One day at work as I was stepping out of the elevator I saw a co-worker of mine carrying a copy of Al Gore’s The Assault on Reason. I’ve been wanting to read Gore’s 2007 book ever since I read its review in the New York Times. In addition, I had just finished reading Susan Jacoby’s similarly titled The Age of American Unreason so one might say I was in the mood for more of the same. Therefore, when she asked me if I wanted to borrow her copy after she was done, how could I say no ?
Perhaps inspired by the spirit of Thomas Paine, Gore has written a “call to action” type of book. While his book addresses a number of America’s ills, I found favor with his views regarding the general public’s reliance upon television news and talk radio over print media. How can a “well-informed citizenry” make intelligent and well-reasoned political decisions if the available information is superficial and biased ? While watching something like TV is an intellectually passive pursuit, reading newspapers, news magazines and books from a cognitive standpoint is both active and engaging. Print media can also show the depth of a news story far better than the above mentioned electronic media and is an excellent platform to deliver competing opinions in the form of op-ed pieces and letters to the editor. According to Gore, this active and diverse market place of ideas is necessary if America wants to hold our leaders accountable and prevent them from manipulating the populace as a whole.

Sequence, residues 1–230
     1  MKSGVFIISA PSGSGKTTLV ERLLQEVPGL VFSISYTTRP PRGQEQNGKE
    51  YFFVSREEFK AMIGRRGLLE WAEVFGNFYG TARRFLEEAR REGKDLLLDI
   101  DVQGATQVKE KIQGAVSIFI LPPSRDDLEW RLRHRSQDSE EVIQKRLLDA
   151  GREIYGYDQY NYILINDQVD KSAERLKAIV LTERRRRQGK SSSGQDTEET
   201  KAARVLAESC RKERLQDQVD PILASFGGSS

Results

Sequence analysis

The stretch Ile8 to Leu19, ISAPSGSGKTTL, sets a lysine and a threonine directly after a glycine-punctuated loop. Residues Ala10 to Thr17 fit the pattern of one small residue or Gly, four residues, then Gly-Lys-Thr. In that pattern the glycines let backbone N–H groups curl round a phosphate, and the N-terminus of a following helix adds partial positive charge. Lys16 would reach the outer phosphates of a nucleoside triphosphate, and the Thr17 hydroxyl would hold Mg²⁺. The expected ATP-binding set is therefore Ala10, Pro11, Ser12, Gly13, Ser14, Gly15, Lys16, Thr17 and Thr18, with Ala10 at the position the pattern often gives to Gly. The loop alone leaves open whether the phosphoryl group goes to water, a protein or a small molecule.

Naturally, Gore blasts the former Bush administration for a number of reasons, chief of which would be its decision to invade Iraq. While we may never hear the full story of why and how this reckless decision was made, I thought Gore did a pretty good job “connecting the dots” and laying the blame at the Bush administration’s eagerness to invade despite any compelling evidence of Iraq possessing nuclear weapons or a willingness to assist Islamic terror groups in acquiring them.
Gore also blames the previous administration for enlarging the power of the Executive branch at the expense of both the Legislative and Judicial branches, thereby subverting the original intent of the Constitutional Framers which was to prevent the concentration of power in one particular branch of government. So much for checks and balances I guess.
I found Gore’s book good, but not great. Some parts were interesting and revealing. Some parts angered me. But some parts put me to sleep. While just three years old, the book already felt a bit dated. I would welcome an updated edition, addressing such recent developments as the new Obama administration, the recent Supreme Court decision allowing corporations to contribute to election campaigns without government regulation and increasing power of the Internet to connect and inform citizens.